Commercial Construction and Renovation - Gender Neutral Workplace
Press - September 19, 2018
While generally considered male-dominated, the construction industry offers real opportunities with strong career paths for women, too. At Plaza Construction, the seventh largest construction company in NY (with additional regional offices), women work as estimators, project managers, superintendents another positions, either in the office of on-site in the field.
The “Men At Work” sign is as much as part of a jobsite as hard hats and bulldozers, and an image that has long been equated with construction sites and workers. Here’s the difference: There are many more women working in all levels of the construction industry now – from on site project management to executive corporate positions. And for good reason: It’s a growing industry with great opportunities for women, great pay and benefits and work culture.
In fact, for Plaza Construction, women account for ¼ of the workforce. That’s nearly 16 percentage points higher than the industry average. According to the Bureau of Labor Statistics, women accounted for 9.1 percent of the construction workforce in 2017.
One of the greatest advantages of this industry is that the pay scale is higher and the level of gender inequality is lower than that of other industries. Women working in the U.S. earn on average 83% of what men earn. However, according to the Bureau of Labor Statistics (BLS), the construction industry women earn on average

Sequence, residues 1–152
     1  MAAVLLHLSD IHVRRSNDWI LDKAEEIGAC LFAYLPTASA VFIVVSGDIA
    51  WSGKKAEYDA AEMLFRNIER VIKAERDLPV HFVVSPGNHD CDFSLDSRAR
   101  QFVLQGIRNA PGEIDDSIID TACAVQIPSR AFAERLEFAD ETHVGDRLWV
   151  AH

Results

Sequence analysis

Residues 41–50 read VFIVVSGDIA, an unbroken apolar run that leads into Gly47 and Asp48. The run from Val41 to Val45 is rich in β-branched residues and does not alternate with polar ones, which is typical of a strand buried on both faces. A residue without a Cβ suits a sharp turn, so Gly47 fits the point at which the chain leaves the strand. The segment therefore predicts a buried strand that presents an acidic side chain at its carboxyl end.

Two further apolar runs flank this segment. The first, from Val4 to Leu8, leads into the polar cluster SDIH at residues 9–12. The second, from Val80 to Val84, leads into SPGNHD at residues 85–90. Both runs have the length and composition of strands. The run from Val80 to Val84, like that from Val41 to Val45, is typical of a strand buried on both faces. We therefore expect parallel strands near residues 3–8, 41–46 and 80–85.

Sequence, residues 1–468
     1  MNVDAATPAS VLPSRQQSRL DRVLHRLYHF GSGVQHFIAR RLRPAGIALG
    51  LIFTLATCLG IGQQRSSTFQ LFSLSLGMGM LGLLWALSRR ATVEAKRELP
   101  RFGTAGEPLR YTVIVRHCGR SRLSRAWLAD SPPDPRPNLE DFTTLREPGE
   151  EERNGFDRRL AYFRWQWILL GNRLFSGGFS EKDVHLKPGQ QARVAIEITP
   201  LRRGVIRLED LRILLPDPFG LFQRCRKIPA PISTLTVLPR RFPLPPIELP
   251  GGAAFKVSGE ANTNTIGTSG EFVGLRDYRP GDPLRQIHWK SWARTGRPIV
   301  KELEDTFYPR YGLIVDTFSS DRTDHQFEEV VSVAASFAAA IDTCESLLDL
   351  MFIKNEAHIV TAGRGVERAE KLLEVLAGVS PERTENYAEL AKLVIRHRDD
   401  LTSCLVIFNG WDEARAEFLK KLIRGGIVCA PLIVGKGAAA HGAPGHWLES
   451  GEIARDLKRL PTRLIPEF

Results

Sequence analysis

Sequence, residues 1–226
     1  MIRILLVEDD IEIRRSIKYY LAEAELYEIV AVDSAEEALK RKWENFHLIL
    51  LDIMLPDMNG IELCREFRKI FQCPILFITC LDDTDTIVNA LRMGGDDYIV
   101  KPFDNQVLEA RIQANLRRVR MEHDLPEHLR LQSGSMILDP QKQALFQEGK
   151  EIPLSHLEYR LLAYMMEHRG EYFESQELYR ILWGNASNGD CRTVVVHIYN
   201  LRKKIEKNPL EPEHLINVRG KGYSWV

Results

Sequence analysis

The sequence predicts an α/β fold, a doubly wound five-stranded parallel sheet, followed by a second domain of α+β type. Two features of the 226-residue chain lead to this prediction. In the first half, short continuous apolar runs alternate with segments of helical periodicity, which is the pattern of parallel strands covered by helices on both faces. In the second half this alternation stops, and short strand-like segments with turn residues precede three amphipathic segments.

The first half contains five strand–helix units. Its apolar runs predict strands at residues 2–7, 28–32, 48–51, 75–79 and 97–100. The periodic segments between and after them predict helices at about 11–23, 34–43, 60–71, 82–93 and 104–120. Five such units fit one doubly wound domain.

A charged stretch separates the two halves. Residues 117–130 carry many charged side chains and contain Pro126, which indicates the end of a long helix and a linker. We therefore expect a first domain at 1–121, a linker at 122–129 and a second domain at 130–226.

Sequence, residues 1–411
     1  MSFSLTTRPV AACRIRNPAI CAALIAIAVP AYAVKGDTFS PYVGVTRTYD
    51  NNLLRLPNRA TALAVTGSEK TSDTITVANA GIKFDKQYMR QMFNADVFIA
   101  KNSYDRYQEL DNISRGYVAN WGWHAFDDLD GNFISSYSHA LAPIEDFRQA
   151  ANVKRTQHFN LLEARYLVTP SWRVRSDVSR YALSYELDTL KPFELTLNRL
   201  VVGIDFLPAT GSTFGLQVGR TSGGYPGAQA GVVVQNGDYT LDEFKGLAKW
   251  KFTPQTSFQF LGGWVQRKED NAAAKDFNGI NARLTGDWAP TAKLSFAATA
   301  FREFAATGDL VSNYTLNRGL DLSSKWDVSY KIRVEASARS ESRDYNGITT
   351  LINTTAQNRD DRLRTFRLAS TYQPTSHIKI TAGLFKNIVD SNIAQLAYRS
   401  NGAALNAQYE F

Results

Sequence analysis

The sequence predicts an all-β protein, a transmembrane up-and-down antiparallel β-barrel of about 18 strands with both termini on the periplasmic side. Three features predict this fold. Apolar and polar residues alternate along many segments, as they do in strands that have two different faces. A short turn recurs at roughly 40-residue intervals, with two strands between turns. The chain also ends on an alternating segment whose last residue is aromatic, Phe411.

91.3% of what men earn. Employment in construction is predicted to grow by 21.4% until 2022, more than double the growth across all industries.
With such a fast-paced growth, companies are facing imminent labor shortages, which opens the door further to women for higher-paying, long-term employment opportunities and career paths with solid benefits.
To support women entering the construction field, Plaza offers a mentoring and development program to its new and existing hires. The company also has a female-friendly work environment offering accommodations to women in balancing their jobs and family lives.
Plaza recently hired four female graduates of the Construction Engineering and Management masters’ program at Columbia University, one of whom worked at the firm as an intern being joining full-time.
The #MeToo movement has raised public awareness about women’s workplace issues. At the jobsite in the field, Plaza conducts sensitivity training on creating a gender-neutral workplace environment and has provided separate bathroom facilities as “ladies” rooms checked regularly for cleanliness.
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